Tuesday, May 9, 2017

Out of the Frying Pan,


into the fire!

It's what I wrote, and what I felt.  This new place in the rehab unit in Harrisburg would nearly prove to be my undoing.




Viewer Dear, I have a record of my exact words!  Scribbled and difficult to read as they may be, it's clear I was feeling low.  Feeling helpless and hopeless!


About this time I was experiencing a strong craving for ICE CHIPS.  My throat, I suppose, was feeling the need for something cold and wet!
Because all of my sustenance was coming from a bagful of flesh-colored formula dripping into me via a tube into my belly (don't be squeamish), nothing cold or wet had gone down my throat for quite a while.  So I fantasized about crunching on ice chips. I was very nearly obsessed with the thought of ice chips! 

Now, I've never been a big fan of ice or ice chips previous to this, Reader Dear.  Nor had I any idea that when the Speech Therapist summoned me to her work room, she would first of all say to me, "I've got some ice chips to start you out with.  Ice chips and applesauce!"
Oh, the joy!
"They are blue," she said.  "That's so we can see it if you have problems."
She watched me carefully as I swallowed carefully.   I was worried about the tracheotomy tube, which entered through a hole in my neck (You wouldn't believe, Reader Dear, how many times they punctured me during this long journey!)

Everything seemed to go well with the ice chips.  My mouth turned a brilliant blue.  The Speech Therapist fed me the blue applesauce, and it seemed she was as eager to get it all into me as a harried young mother who's got to feed three other kiddies!  Then she commended me on the excellent job I'd done.  She crowed about the fact that I could now ingest real food!
"Tell your daughter," she said, "that she can make pureed things for you!  Anything that's soft and smooth!  She can bring them in to the hospital for you to EAT!"
I was already picturing the large cup of ice chips I'd be calling for an hour later!
                                                                       
.........................................................................................(My [very] blue tongue)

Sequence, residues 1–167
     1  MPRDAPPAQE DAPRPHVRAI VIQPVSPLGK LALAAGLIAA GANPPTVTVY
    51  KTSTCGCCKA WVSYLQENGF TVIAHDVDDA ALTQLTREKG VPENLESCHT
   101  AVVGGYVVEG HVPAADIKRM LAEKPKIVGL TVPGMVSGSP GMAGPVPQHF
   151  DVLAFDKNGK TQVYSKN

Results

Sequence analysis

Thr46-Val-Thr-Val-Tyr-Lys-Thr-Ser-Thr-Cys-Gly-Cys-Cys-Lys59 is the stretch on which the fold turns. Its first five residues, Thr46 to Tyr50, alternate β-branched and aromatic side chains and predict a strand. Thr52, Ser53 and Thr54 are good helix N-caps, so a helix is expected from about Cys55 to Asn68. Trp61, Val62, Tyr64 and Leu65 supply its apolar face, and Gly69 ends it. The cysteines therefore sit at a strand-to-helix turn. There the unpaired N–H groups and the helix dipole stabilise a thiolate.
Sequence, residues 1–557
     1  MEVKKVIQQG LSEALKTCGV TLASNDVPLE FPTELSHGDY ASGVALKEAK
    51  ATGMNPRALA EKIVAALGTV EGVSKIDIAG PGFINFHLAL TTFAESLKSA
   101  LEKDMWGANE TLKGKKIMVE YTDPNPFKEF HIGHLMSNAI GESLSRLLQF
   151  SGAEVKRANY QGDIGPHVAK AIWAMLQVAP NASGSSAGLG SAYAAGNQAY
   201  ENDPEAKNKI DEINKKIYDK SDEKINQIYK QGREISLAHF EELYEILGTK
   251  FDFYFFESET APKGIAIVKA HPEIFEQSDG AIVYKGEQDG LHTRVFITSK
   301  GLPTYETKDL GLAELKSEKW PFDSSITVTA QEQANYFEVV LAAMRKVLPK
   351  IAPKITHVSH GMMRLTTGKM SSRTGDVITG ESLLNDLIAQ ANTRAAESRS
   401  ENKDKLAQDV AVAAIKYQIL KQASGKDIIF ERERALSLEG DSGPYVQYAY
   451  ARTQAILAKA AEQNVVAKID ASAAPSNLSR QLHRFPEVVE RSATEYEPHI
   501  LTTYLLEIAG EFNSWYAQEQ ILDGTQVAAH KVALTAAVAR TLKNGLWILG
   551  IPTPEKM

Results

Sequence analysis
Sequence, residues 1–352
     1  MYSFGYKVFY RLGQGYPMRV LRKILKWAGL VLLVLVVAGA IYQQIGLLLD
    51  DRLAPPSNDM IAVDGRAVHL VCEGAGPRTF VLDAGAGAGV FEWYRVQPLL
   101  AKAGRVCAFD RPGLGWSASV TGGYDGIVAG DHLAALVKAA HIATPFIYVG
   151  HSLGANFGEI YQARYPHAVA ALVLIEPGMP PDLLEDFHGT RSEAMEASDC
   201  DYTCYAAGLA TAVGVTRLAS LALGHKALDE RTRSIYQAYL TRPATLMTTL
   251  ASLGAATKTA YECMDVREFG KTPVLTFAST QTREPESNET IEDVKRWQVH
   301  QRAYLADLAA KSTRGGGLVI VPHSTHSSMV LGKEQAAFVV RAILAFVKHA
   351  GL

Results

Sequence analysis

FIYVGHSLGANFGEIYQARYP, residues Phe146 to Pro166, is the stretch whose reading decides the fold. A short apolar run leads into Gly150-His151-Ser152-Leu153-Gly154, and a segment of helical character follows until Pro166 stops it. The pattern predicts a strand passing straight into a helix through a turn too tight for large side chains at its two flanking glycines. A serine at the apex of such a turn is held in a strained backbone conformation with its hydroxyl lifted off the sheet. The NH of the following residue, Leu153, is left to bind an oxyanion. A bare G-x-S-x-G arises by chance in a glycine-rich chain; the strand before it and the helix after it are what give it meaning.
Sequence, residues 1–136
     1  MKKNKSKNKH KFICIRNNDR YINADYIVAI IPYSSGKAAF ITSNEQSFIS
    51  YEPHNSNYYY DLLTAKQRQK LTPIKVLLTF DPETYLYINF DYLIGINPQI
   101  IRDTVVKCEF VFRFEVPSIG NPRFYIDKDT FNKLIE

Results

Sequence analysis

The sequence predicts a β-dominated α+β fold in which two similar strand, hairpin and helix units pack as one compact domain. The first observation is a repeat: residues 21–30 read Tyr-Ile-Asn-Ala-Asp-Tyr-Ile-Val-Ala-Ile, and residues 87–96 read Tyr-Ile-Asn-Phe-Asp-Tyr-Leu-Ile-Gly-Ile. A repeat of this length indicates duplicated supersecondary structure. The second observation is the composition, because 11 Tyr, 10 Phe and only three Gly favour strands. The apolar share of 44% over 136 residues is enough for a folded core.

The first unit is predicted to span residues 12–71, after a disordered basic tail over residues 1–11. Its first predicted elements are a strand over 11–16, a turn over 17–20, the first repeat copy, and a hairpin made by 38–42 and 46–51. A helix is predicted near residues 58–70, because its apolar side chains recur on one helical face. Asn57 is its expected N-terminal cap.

Except, OOPS!                                                
(It's an exceedingly bad word for one to hear in a hospital setting, Reader Dear!  Obviously, much worse to hear it from a surgeon...but quite unpleasant in any situation!)
Turns out that I began to cough.  And cough and cough and cough.  Nurses starting seeing BLUE!
(Meanwhile, I was seeing red!)




The Speech Therapist (as you may have guessed, she was the swallowing pro as well as the one in charge of forming oral words) stopped by to give me the unhappy notification that she'd been wrong.  No eating!  No more ice chips! Nothing by mouth for the foreseeable future (at least not until an X-ray  "swallowing study" had taken place.

Meanwhile, I kept on coughing.  Coughing! Coughing!
I would cough until I gagged. 


Nurses were constantly suctioning my throat.  It did not seem to help.  My throat was raw and inflamed. I was miserable.  I was getting little sleep.

Clearly, I was having a rough time!

Until about three days later.

"We're going to give you a smaller trach!" they told me.

And (skipping right over many details) they did!


Things rapidly improved.
But...
the highlight of my week was yet to come, and it has nothing to do with food, but a lot to
do with my feet!

...........







6 comments:

LTF said...

Oh my!! The good news is that your writing is starting to look like yours so your motor skills were improving!!

KTdid said...

Yes, LTF. I was still extremely shaky, it's true. But the writing is (relatively) legible. Although, when I look at it now I can hardly believe my disability!

Anonymous said...

Hard to read, old friend. It sounds so positively terrible. I am so happy that part is over with and each day now brings improvement. This is your anonymous friend and you know who that is!

KTdid said...

Thanks, D! I do know :-).

Terry said...

Did they not put you on the machine that sends into your mouth, your throat? Oron a medication to decrease your secretions? No wonder you thought you would not last much longer there. ( This chapter and the facility seems Stephen King-ish. Very scary for you and your readers.)

KTdid said...

No, Terry. I tried to follow my medications carefully, and there was no Oron (sounds like something that might have benefited me!) Except for a few nice nurses, that place was pretty awful.
Q.